“She spent the night—” C.J. closed his eyes and drew in a deep breath, which Ethan was mighty glad for. “What kind of nightmare?” he asked slowly.
He hadn’t expected that, not after telling the father of the woman he was seeing that they’d spent the night together. “She didn’t say what it was about. Only that someone named Alexis needed her.”
“Oh, damn it.”
“What’s wrong? Who is Alexis?” He raced after C.J. when the man scrambled to his car. “What is going on?”
“I think I know where she might be. Damn it, Sam. I told you to stay away.” He pulled out the cell phone from his front seat and Ethan stood back impatiently waiting. “Answer!”
“I already tried calling her. She didn’t answer.”
“Did you try her cell?”
“No.” He didn’t have her cell phone number. “Is she in trouble?” His heart was pounding something fierce with just the thought of that.
“Why aren’t you answering, Sammy girl?”
“You’re really starting to worry me now. What is going on, Mr. Dowling?”
He tucked his phone in his shirt pocket as he turned to Ethan. “I don’t know. I need to go.”
“If you’re going to wherever you think Samantha might be, then I’m going along.” His lawyer could wait. Everything could wait. Samantha was what was important now.
“I don’t think so.”
He got into his car, slamming the door and Ethan stood on the sidewalk, furious.
Sam woke to the chattering of her own teeth and her head pounding with a thunderous drum roll. Feeling something trickle down her face, she lifted her hand and felt dampness on her fingertips. She remembered the conk to her head and figured it had been hard enough to cut her head open. Explained the throbbing bitch of a headache she had.
The musty smell of dirt clogged her nose, the scent of death making her nauseous. It was pitch black and she couldn’t see a damn thing. Groping for something, anything to lead her out, Sam dug her fingers into the dirt as she tried to pull herself up. The throbbing in her head intensified and she grew dizzy. It was an odd feeling, not being able to see a thing yet knowing everything was spinning around you. She fell to her knees, lowering her head, taking several deep breaths and waited out the dizziness.
Deciding staying down was for best, Sam began to crawl her way along the dirt floor. She needed to find a way out of the cellar. Moving forward, her hand bumped into something solid. The keys in her pocket jingled and she remembered the pen light
she’d attached to it. Sitting back, she reached into her pocket and drew it out. Pressing the tiny button, the light came on.
And Sam screamed.
Propped up against the wall was the little girl she’d seen so many times in her dreams. Decay had rotted most of the flesh away, leaving a shell of what had once been a lovely vital young girl.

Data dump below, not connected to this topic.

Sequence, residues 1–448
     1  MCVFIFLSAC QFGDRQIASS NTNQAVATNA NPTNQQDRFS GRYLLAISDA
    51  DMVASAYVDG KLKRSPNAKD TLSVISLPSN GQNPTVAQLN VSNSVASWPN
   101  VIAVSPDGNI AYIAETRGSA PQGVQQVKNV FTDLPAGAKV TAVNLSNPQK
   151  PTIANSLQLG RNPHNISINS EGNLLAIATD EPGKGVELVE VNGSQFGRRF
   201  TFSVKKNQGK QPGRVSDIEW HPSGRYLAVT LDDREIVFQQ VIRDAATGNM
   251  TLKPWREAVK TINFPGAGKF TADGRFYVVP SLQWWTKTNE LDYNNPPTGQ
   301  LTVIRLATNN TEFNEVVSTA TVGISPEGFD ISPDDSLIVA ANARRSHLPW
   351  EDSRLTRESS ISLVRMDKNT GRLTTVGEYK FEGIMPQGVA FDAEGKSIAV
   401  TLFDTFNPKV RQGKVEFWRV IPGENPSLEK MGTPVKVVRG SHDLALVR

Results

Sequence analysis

Sam recoiled, disgusted by what she saw, repulsed by it. Nausea rolled in her belly, inching up to her chest. She’d finally found Alexis, and she couldn’t even look at her. She was disgusted with herself as much as she was with the scene before her.
The sudden slice of bright light that shot into the darkness made her flinch. Shielding her eyes as she looked toward the cellar door as it opened, she could only make out a figure, but she wasn't sure who it was.
Thank god, someone had finally found her.
“I’m over here. I need help. I’ve been—” The words dried in her throat as she saw who it was.
It was him. It was, D.B..
He’d killed Alexis and seven other children and now he came to kill her.
“Funny how things work out.” He closed the door, and the only light that remained was from the lantern he held in his hand. It cast a shadow of eeriness on every wall and sent chills along Sam’s spine.
“If it wasn’t for you, I wouldn’t have to hide out down here. If it wasn’t for you, I wouldn’t have had to torch my barn. So how fitting is it now that you would end up here.” He stepped closer and Sam cringed at the intent in his eyes. “I’m going to enjoy making you pay for ruining my life.”
“Stay away from me.” Sam scrambled to the corner, feeling trapped.
He set the lantern down beside Alexis’s bony arm and crouched down in front of Sam. “You’ve got nowhere to run, little lady. That’s the only exit and unless you’re feeling brave, you’re stuck.”
“You won’t get away with this.” She was not going to be another one of his victims.
“I already have.” He laughed, giving the remains of the young girl he’d killed a pat.
He was beyond sick. He was demented. “My family knows I’m here, they’ll come looking for me.” But she knew that was a lie. She hadn’t told anyone where she was going. She’d run from Ethan’s place without saying a word. And her cell phone was in her car so she couldn’t even call anyone for help.